Hillary Clinton has a management problem, both large and small, according to one liberal commentator.
Brendan Nyhan writes in the New York Times
that the current controversy surrounding Clinton regarding her use of private e-mail
during her time as secretary of state shows that she needs to rethink her management strategy if she plans to run for president next year.
Citing mismanagement claims during Clinton's failed 2008 presidential campaign, Nyhan argues the same thing is happening all over again to the former first lady and U.S. senator.
"What's striking about these failures is how different they are," Nyhan writes. "The paradox of Mrs. Clinton's leadership style is that she often seems to simultaneously have too many advisers and too few."
Nyhan writes that because the Clintons have been in politics for so many years, they have developed a loyal following of advisers and assistants who are constantly working behind the scenes to craft their message. And that's where the problem lies, he writes.
"Internal conflicts among numerous senior staff members and consultants … helped undermine the campaign's response to Barack Obama, who was not similarly encumbered," Nyhan writes of Clinton's 2008 campaign for president.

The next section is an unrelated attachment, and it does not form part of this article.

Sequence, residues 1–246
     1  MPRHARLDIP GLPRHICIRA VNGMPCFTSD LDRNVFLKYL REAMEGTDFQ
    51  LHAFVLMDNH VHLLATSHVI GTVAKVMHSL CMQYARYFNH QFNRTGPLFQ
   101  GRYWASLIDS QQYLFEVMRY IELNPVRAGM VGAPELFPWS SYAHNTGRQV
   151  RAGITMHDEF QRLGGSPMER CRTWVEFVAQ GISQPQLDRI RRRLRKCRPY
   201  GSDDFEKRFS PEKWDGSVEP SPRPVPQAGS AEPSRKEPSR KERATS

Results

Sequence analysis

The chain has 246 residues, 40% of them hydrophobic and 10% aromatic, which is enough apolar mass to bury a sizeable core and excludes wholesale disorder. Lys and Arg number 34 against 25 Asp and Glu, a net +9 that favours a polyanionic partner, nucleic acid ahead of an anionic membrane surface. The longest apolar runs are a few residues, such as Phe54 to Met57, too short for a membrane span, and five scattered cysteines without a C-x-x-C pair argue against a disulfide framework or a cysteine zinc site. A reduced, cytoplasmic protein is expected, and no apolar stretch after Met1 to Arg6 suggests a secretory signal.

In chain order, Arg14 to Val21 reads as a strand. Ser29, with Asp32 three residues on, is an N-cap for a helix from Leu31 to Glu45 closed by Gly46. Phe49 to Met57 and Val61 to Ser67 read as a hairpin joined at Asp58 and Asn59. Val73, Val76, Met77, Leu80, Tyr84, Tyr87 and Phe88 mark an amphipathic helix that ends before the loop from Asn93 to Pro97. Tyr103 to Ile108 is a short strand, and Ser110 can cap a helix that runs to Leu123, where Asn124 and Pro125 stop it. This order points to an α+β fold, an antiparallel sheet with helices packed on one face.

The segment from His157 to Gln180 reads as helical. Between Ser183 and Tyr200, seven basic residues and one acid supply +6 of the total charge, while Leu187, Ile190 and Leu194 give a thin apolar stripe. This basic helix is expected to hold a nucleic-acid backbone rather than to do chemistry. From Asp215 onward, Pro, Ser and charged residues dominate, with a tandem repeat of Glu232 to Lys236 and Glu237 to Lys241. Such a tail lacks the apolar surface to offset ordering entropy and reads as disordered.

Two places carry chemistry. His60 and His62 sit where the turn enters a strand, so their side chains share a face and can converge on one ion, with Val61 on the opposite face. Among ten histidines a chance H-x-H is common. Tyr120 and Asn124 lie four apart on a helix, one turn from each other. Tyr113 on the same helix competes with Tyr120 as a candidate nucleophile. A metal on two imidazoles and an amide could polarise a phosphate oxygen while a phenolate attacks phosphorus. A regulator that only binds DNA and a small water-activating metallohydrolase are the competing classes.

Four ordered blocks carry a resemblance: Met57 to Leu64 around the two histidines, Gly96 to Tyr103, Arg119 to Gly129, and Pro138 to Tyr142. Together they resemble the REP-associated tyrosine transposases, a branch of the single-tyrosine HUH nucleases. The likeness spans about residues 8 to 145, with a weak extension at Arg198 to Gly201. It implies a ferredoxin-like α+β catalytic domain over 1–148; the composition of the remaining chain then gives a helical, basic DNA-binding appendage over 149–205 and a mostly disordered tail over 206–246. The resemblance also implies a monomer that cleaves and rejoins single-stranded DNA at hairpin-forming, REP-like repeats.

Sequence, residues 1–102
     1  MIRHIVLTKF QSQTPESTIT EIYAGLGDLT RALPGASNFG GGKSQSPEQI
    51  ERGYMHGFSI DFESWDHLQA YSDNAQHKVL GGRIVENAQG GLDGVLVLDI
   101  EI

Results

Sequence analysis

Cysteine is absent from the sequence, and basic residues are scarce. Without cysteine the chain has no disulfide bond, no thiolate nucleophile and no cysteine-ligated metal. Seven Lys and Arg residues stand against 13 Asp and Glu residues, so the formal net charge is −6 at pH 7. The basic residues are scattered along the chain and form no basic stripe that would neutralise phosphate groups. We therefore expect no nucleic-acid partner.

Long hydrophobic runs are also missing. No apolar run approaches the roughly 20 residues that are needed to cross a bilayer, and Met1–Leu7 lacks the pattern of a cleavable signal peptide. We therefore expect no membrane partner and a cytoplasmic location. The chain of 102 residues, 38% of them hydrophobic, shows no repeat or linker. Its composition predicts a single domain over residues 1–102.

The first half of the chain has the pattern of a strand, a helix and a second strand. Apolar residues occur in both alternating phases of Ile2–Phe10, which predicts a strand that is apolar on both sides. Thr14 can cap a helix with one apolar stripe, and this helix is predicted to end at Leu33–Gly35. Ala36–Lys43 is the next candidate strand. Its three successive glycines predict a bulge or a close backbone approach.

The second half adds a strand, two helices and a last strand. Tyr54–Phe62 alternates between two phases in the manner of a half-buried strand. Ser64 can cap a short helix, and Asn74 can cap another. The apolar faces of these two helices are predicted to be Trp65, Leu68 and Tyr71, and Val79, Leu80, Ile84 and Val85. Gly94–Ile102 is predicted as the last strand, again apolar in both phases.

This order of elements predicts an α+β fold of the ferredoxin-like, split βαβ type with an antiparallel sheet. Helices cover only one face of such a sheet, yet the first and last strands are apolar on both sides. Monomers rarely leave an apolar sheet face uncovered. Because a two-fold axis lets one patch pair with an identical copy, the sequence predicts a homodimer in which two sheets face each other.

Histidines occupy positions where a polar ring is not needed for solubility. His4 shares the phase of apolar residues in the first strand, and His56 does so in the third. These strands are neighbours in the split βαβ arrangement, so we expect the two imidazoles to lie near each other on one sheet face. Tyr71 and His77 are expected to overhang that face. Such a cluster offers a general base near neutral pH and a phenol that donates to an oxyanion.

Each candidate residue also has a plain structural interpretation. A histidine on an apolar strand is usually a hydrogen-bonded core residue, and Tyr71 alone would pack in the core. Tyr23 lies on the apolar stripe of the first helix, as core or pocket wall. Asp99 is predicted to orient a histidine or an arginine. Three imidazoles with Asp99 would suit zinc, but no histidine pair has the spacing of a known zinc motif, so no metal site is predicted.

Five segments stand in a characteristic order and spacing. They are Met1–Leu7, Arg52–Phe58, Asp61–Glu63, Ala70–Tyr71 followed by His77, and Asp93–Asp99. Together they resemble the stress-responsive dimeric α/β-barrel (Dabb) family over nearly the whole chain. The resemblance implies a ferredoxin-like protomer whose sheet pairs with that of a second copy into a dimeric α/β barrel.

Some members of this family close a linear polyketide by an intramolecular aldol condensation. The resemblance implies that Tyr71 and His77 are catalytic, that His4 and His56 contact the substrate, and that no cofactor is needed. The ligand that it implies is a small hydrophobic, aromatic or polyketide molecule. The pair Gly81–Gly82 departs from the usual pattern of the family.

"Mrs. Clinton faces similar obstacles during this election. Recent public squabbling among Clinton surrogates prompted David Axelrod, Mr. Obama's former campaign manager, to comment that Mrs. Clinton's likely campaign chairman, John Podesta, 'has to get control of the Clinton operation.'"
Clinton also has a close-knit group of advisers and aides that is smaller, which Nyhan thinks failed at handling the email crisis.
"These trusted staff members help manage supporters' access and shield her from the ceaseless scrutiny she faces," Nyhan writes. "However, their deep loyalty and close alignment with her worldview appear to have left them ill-prepared for the reaction that news of the private e-mail account would generate. Clinton aides reportedly knew about the account months ago but took no action to release information at a less damaging time.
"After the news broke, a prominent Clinton aide lashed out at the press — another example of the bunker-like mentality among her staff."
The ongoing controversy has damaged Clinton's image to some, while others — including high-profile Democrat donors
— continue to support her and would like her to run for the White House.
And polls continue to show Clinton is the clear leader on the left
should she decide to run.
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